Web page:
By Williams Rees-Mogg (THE TIMES, 25/08/08):
Joe Biden has one crucial qualification to be the next vice-president of the United States, at least in the eyes of Barack Obama. He is not Hillary Clinton. Mr Obama has made the opposite decision to the one made by another young and relatively inexperienced Senator in 1960. John F.Kennedy distrusted and detested Lyndon Johnson, but he asked him to become his running- mate in the election because he thought that Johnson would help to deliver the Texas vote. He did, and Texas was one of the key states that took Kennedy into the White House.
Senator Biden is no Hillary Clinton; he presents no threat though little promise to Mr Obama. In the primary elections, Mrs Clinton gained 18 million votes. Among women she had a devoted following – and who still believe she should have been the candidate. If she had been on the ticket, she would have brought a lot of votes with her, as did Johnson. In rejecting her as his running-mate, Mr Obama has taken the risk that his margin of victory might be wiped out.
Mr Biden has himself twice run unsuccessfully for the presidency; in 1987 he had to withdraw before the primaries; in 2008 he failed to generate any interest in the Iowa caucuses or in New Hampshire. He has a strong record for winning votes as a senator in Delaware. There is no evidence he can win votes in a national election.
This was, no doubt, a difficult choice. If Mr Obama had chosen Mrs Clinton, the Clintons might have overshadowed his campaign. Their baggage, particularly Bill Clinton’s past scandals, might have been embarrassing. Like Johnson, Bill Clinton is a big political figure. One can understand that Mr Obama wanted to emphasise that he was his own man. Yet in rejecting Hillary Clinton, Mr Obama may have lost the White House. Many Democrats do believe that.
There are also potential embarrassments about Mr Biden. I am not referring to the scandals that were dug up by the campaign staff of Michael Dukakis in 1987, though for a politician to be defeated by the Dukakis machine must have been quite a humiliation. Mr Biden’s plagiarism of Neil Kinnock did not much matter in 1987 and does not matter at all now.
There is however an important political issue that has already been simmering on the Republican side and could be raised by the Biden nomination. Last Saturday, when Biden was introduced to the public in Springfield, Mr Obama went out of his way to refer to Mr Biden’s Catholic faith. Mr Biden capped that by referring to his upbringing as an Irish Catholic boy. Clearly this is already an important part of the Biden campaign story.
In 1987 Joe Biden was already a senior member of the US Senate. He held the post of chairman of the Judiciary Committee, the Senate committee that has to approve nominations to the Supreme Court. On July 1, President Ronald Reagan announced the nomination of Robert Bork to the Supreme Court. Judge Bork was an exceptionally distinguished jurist and the first Reagan appointee on a very liberal court.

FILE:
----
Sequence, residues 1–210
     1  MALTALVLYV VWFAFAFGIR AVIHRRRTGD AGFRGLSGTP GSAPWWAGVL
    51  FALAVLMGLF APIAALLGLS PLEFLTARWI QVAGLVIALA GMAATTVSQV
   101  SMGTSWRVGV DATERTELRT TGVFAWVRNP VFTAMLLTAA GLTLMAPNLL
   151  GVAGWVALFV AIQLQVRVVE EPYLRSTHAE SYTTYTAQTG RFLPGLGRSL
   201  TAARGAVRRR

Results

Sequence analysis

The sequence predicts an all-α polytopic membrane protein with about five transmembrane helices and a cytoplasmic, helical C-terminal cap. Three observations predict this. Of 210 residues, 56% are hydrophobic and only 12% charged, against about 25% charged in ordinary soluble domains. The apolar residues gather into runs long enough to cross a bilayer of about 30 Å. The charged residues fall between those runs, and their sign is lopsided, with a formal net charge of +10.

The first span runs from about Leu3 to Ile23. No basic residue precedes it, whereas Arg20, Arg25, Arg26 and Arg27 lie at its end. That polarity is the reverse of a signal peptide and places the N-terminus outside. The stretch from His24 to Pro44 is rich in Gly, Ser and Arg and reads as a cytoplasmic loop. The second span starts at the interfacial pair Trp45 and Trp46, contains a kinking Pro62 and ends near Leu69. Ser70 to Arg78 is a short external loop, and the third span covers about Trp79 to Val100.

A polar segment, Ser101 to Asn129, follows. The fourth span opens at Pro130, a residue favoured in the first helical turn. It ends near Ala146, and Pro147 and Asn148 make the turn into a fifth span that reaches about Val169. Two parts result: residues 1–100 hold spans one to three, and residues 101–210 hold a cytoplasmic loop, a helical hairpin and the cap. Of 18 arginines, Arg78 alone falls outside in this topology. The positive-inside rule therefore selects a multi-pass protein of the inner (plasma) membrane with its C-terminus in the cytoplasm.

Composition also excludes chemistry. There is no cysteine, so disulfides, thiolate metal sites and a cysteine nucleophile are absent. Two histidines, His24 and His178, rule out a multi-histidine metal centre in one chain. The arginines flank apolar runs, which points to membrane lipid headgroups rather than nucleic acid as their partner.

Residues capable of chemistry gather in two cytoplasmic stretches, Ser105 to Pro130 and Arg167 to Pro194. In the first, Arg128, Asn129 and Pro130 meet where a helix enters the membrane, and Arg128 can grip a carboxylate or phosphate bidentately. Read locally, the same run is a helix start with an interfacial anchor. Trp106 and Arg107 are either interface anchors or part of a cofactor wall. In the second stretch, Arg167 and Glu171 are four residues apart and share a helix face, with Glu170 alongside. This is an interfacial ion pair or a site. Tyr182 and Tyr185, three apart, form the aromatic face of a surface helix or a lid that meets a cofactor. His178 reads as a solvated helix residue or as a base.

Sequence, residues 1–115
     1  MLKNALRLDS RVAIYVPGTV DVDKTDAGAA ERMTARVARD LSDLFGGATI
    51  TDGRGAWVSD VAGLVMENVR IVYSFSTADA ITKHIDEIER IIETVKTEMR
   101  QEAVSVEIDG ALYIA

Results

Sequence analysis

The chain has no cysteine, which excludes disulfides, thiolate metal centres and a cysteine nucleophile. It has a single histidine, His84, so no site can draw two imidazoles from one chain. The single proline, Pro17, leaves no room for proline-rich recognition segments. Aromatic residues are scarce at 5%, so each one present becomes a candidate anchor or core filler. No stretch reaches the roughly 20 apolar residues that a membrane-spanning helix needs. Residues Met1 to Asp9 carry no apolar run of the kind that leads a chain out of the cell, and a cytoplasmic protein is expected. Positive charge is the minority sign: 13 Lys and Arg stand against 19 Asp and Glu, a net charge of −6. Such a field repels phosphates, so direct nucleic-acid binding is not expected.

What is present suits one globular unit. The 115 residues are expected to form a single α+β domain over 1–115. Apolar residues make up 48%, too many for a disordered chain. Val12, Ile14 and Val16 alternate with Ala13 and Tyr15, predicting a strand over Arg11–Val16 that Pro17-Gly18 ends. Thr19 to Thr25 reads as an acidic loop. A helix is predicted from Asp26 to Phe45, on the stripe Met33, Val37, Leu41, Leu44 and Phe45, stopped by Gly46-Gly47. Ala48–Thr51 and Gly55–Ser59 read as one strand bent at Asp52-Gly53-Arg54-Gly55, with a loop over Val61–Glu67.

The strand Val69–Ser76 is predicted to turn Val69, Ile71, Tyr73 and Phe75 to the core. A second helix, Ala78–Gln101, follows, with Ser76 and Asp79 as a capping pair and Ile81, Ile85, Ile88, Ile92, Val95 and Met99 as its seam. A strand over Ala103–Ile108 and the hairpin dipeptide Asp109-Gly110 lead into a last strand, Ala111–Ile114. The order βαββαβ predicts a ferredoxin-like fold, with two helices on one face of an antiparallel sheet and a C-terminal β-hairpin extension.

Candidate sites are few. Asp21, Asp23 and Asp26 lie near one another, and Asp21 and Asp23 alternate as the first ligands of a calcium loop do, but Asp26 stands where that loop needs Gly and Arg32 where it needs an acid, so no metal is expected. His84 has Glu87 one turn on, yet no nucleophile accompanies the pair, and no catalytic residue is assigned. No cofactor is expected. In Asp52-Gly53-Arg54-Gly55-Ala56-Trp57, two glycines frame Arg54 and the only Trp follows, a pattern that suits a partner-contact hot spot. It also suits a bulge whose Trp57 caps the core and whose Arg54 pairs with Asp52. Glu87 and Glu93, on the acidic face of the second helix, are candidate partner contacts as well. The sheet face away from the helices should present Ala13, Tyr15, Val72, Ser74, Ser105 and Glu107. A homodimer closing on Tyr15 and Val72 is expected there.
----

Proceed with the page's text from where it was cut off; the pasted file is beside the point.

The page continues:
The announcement was greeted by a manic response from another Senator, also Irish-American, Catholic and Democrat, Edward Kennedy. He said that: “Robert Bork’s America is a land in which women would be forced into back-alley abortions, blacks would sit at segregated lunch counters, rogue police could break down citizen’s doors in midnight raids, school children could not be taught about evolution, writers and artists would be censored at the whim of government and the doors of the Federal Courts would be shut on the fingers of millions of citizens.”
None of these allegations was true, or could be justified on any statement or ruling of Judge Bork. However, some of them were repeated again and again long after they had been challenged or disproved. Initially, Mr Biden’s stance as chairman was quite proper. Indeed he said: “I’m not Teddy Kennedy.” But he had a meeting with Senator Kennedy, which was followed by hearings that were far from impartial.
Two months before the hearings even started The New York Times reported Mr Biden as saying that he “would oppose the nomination and would lead the fight in the senate”. He had not yet heard any of the evidence. He subsequently published the Biden Report, which again misrepresented Judge Bork’s legal position; it is a merely partisan document. On October 23 the Senate rejected the nomination. Whoever else got justice, Judge Bork did not.
The underlying issue, which was partly obscured by propaganda, was the law of abortion. In the case of Roe v Wade (1973), the Supreme Court had taken the abortion issue out of the hands of the states or Congress and declared an unqualified constitutional right for a woman to choose an abortion. Because this was taken out of the ordinary democratic procedures it has remained a much more divisive issue than it is in Britain. US Protestants, who are mainly Republicans, and Roman Catholics – the largest religious group in the US – do not accept Roe v Wade, but cannot amend the law by any democratic process.
Catholic doctrine is clear. Abortion is wrong. In practice, Catholic women may disobey the teaching of their church – to which I belong. Yet most Catholics dislike politicians who promote themselves as loyal Catholics but oppose any re-examination of abortion law. Catholics see abortion as a moral issue, but they also resent humbug.
Mr Biden’s nomination as vice- president may or may nor reignite this issue. Yet Mr Biden was chairman of the Senate Judiciary Committee in 1987; he did play a leading part in a grossly unfair campaign against the nomination of Judge Bork; he does exploit his Catholic religion as part of his political appeal. His handling of the Bork nomination was an abuse of office for which he has never apologised.